Saturated Hydraulic Conductivity and Its Impact on Simulated Runoff for Claypan Soils
- Humberto Blanco-Canqui *a,
- Clark J. Gantzera,
- Stephen H. Andersona,
- E. E. Albertsb and
- F. Ghideyc
- a Dep. of Soil and Atmospheric Sciences, Univ. of Missouri-Columbia, 302 Anheuser-Busch Natural Resources Building, Columbia, MO 65211
b USDA-ARS, Univ. of Missouri, Columbia,Columbia, MO 65211
c Dep. of Biological Engineering, Univ. of Missouri, Columbia, 269 Agricultural Engineering Building, Columbia, MO 65211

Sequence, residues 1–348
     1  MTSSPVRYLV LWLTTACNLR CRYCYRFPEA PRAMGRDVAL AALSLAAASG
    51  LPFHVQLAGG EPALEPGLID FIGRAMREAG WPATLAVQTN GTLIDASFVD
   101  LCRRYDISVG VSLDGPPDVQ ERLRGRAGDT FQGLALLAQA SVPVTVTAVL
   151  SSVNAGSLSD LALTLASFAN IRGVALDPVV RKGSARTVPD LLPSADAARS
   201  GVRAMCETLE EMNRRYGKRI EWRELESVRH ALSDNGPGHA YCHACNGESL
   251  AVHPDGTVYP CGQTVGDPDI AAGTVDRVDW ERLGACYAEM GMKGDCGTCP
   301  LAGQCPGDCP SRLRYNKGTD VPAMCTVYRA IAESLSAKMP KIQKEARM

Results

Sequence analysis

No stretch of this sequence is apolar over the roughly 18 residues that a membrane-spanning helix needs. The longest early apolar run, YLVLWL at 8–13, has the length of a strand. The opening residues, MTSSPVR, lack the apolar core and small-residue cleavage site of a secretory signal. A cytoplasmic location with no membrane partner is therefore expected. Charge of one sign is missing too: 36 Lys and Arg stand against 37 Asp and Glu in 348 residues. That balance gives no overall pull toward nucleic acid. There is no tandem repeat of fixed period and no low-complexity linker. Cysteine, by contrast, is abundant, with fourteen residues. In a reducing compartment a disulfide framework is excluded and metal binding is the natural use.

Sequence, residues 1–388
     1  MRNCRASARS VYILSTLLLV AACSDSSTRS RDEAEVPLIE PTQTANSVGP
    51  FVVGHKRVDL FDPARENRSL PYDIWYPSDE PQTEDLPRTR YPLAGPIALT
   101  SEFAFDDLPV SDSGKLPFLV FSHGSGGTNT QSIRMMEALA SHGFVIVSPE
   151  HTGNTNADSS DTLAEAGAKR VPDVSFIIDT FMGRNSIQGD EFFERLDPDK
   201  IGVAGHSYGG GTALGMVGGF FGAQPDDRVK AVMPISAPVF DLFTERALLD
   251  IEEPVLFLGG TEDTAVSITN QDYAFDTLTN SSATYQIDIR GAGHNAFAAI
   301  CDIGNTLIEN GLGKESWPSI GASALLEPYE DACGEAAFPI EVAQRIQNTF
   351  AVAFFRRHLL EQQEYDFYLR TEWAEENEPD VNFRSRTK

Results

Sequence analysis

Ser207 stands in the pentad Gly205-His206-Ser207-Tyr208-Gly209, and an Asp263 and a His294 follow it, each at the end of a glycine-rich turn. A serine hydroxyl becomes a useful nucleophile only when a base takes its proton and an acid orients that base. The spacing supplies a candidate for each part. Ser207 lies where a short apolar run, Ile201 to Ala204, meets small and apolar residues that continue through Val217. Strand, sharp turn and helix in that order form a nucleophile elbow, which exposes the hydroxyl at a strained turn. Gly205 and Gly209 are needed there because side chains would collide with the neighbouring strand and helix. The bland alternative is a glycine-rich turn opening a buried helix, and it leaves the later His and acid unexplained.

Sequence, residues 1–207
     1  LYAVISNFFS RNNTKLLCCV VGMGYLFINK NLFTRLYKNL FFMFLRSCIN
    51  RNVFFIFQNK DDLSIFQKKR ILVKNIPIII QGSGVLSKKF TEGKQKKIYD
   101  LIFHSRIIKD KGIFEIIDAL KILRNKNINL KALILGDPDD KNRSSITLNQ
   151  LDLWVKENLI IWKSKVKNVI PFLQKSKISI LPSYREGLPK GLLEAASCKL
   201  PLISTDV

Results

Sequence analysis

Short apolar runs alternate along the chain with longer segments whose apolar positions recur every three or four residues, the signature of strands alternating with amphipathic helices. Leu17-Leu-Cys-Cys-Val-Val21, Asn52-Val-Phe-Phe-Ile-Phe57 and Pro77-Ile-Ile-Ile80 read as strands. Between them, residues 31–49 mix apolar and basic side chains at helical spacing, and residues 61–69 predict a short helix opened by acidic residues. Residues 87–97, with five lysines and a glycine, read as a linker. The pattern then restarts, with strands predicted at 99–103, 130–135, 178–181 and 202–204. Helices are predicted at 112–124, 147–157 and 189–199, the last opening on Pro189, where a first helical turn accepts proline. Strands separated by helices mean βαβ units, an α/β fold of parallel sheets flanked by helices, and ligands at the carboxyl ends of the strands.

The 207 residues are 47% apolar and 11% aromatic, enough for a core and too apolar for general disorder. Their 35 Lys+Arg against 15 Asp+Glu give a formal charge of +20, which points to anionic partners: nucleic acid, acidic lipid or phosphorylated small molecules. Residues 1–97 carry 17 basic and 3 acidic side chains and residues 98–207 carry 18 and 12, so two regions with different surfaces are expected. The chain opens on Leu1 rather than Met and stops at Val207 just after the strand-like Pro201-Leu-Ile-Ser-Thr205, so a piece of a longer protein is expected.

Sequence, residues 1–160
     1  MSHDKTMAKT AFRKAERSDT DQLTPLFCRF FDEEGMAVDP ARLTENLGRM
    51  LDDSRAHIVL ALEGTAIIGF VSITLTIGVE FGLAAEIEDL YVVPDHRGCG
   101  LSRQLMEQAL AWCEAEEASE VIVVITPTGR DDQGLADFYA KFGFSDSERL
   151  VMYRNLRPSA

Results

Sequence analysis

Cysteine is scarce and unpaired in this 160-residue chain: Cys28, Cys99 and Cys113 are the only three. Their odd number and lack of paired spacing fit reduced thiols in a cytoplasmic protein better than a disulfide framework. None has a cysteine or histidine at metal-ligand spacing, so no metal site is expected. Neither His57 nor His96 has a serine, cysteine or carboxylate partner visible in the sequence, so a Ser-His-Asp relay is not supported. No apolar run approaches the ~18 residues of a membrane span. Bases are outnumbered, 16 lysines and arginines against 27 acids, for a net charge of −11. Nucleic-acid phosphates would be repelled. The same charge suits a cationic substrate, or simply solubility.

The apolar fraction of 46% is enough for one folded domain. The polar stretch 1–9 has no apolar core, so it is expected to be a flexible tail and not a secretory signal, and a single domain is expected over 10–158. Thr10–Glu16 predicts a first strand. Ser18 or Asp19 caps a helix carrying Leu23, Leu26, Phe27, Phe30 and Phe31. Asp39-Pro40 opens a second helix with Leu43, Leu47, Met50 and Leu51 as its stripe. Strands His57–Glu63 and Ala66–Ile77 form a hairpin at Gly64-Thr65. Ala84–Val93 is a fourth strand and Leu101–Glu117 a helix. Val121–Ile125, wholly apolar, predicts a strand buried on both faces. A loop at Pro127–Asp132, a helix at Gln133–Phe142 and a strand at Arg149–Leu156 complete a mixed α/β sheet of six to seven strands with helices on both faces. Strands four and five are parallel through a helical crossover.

Saturated hydraulic conductivity (K sat) is an essential parameter for understanding soil hydrology. This study evaluated the K sat of in situ monoliths and intact cores and compared the results with other studies for Missouri claypan soils. These K sat values were used as runoff-model inputs to assess the impact of K sat variation on simulated runoff. Lateral in situ K sat of the topsoil was determined on 250 by 500 by 230 mm deep monoliths. These values were compared with the K sat of 76 by 76 mm diam. intact cores with and without bentonite to seal macropores. Mean (± SD) lateral in situ K sat was 72 ± 0.7 mm h−1 and mean intact core K sat without bentonite was 312 ± 58 mm h−1 The mean intact core K sat without bentonite was significantly larger than the lateral in situ K sat (P = 0.03). The lateral in situ K sat was not different from core K sat with bentonite (71 ± 1.1 mm h−1). The intact core K sat with bentonite differed from previous studies by 10 times. This was attributed to the variations in soil depth to claypan, macropore presence, and methodology. The impact of using an effective hydraulic conductivity (K eff) computed from measured K sat on intact cores without bentonite underestimated the Water Erosion Prediction Project (WEPP) simulated runoff by 28% for a measured runoff event of 40 mm. The core K sat with bentonite was correlated with measured runoff from long-term erosion-runoff plots. A quadratic regression explained 95% of the variability between measured and simulated runoff.Please view the pdf by using the Full Text (PDF) link under 'View' to the left.
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